Gnocchi - FAILED

I love gnocchi!  Whenever we go out to any Italian restaurant I either get gnocchi or tortellini, all other pasta is something I can make at home and not worth my time or money if I'm eating out.  Until today.  It wasn't until recently that I took the time to see how gnocchi was made, and boy was I surprised to find out that it's made with potatoes.  I love potatoes and we had a huge bag under the sink that we needed to use.   P2 is awesome at making dough, so he was charged with making the gnocchi dough. 
I was charged with peeling the cooked potatoes.  After all was said and done instead of happily floating to the top, our dumplings exploded with only little bits of potato filling the pot.   At that point, we decided to fry the rest of gnocchi, as well as making a giant potato pancake for breakfast. 
After picking up the counter full of flour, we've decided to try again, next time we'll need more egg and flour and need to make sure that the dough is a little less chunky.
Good luck!

  • 2 pounds potatoes
  • 1/4 cup egg, lightly beaten
  • 1 cup unbleached all-purpose flour (we only used 1/2)
  • fine grain sea salt
  1. Fill a large pot with cold water. Salt the water and place unpeeled potatoes in the pot.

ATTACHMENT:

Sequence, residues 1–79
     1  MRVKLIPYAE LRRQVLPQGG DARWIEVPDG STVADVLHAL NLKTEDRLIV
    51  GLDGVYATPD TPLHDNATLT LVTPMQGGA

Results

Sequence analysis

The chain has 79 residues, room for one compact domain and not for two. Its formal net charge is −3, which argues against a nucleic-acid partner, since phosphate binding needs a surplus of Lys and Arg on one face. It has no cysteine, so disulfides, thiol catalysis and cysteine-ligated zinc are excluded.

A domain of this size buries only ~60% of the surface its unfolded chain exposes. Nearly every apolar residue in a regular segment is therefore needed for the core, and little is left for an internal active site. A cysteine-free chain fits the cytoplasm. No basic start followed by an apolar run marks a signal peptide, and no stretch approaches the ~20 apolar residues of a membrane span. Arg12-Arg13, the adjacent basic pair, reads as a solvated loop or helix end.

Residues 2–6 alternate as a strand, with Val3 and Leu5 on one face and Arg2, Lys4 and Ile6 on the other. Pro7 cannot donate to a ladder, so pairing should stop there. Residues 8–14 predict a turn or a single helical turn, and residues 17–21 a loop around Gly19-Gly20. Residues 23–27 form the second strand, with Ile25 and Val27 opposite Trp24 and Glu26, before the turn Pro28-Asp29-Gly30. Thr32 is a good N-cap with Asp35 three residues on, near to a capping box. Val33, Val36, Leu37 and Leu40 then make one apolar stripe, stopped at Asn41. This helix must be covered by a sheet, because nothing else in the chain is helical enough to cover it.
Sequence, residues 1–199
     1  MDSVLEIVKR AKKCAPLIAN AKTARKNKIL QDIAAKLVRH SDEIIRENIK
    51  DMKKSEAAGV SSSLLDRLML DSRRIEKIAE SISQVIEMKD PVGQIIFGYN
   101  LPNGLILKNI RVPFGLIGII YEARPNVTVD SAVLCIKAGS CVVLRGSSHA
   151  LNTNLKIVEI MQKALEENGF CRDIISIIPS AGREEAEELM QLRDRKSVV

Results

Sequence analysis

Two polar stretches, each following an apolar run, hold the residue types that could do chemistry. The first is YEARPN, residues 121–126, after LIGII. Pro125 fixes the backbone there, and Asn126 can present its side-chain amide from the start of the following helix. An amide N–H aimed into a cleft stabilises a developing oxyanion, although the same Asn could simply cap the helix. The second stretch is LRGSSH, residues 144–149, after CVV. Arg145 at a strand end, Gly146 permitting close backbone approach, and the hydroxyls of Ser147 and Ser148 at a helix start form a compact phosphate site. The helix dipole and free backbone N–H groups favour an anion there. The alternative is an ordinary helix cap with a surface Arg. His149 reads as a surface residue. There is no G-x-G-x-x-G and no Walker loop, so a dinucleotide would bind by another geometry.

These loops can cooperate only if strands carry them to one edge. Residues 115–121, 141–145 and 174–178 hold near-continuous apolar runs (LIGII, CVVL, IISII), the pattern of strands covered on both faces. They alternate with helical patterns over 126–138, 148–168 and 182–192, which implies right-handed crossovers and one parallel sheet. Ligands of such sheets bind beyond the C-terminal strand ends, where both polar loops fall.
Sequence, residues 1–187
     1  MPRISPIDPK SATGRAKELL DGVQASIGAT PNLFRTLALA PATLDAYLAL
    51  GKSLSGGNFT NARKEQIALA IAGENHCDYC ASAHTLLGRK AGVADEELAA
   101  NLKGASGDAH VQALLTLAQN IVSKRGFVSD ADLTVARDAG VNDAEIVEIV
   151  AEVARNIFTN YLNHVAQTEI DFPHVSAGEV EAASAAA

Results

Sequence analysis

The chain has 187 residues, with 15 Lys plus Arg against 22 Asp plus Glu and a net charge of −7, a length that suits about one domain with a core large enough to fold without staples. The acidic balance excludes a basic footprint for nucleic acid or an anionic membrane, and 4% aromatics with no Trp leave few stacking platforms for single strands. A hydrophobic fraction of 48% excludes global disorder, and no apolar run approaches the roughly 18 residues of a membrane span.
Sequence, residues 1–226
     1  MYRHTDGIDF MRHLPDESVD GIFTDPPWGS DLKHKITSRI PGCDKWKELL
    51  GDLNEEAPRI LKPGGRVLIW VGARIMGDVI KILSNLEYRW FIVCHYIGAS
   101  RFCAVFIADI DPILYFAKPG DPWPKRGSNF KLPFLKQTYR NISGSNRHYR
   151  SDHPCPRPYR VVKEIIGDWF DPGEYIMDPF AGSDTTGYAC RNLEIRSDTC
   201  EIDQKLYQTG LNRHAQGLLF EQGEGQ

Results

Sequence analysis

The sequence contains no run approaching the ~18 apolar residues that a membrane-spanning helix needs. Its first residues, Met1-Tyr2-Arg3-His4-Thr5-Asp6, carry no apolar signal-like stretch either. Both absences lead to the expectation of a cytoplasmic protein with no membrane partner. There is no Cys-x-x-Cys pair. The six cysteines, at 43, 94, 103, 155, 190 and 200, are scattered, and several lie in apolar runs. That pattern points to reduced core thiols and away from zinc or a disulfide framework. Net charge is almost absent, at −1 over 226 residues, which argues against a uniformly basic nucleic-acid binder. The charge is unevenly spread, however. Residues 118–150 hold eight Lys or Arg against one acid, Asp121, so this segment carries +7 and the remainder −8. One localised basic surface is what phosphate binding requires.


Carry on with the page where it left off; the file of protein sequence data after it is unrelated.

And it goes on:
2. Bring the water to a boil and cook the potatoes until tender throughout (roughly 40-50 minutes).
  3. Remove potatoes one at a time with a slotted spoon. We're saving the potato water so don't throw it out.
  4. Now, be careful and peel each potato as soon as you can. (Maybe this is where the game hot potato came from?).
  5. Mash the potatoes while they're still hot. If you have a ricer, that would come in handy right now. We used a fork. Just be careful not to over mash.
  6. Let the potatoes cool spread out across the cutting board - ten or fifteen minutes.
  7. Once cooled, construct a small mound with the potatoes and drizzle with the beaten egg and sprinkle 3/4 cup of the flour across the top.
  8. Fold the mixture until it is a light crumble.
  9. Lightly knead the dough. Sprinkle with flour, if the dough is too tacky.
  10. Gently roll each 1/8th of dough into a snake-shaped log, roughly the thickness of your thumb.
  11. Use a knife to cut pieces every 3/4-inch and dust with a bit more flour.
  12. The gnocchi should curl into a slight "C" shape. Take the back of your fork and gently press the tines leaving a mark but not "smooshing" the dough.
  13. Set each gnocchi aside, dust with a bit more flour if needed, until you are ready to boil them.
  14. Reheat the potato water from earlier (or start with a fresh pot of salted water) and bring to a boil.
  15. Cook the gnocchi in batches by dropping them into the boiling water.
  16. When they float back to the top, they are ready to be taken out of the water.
  17. Place on a plate and continue cooking in batches until all the gnocchi are done.
  18. Gently toss with more sauce or pesto and serve immediately.

Stay hungry my friend!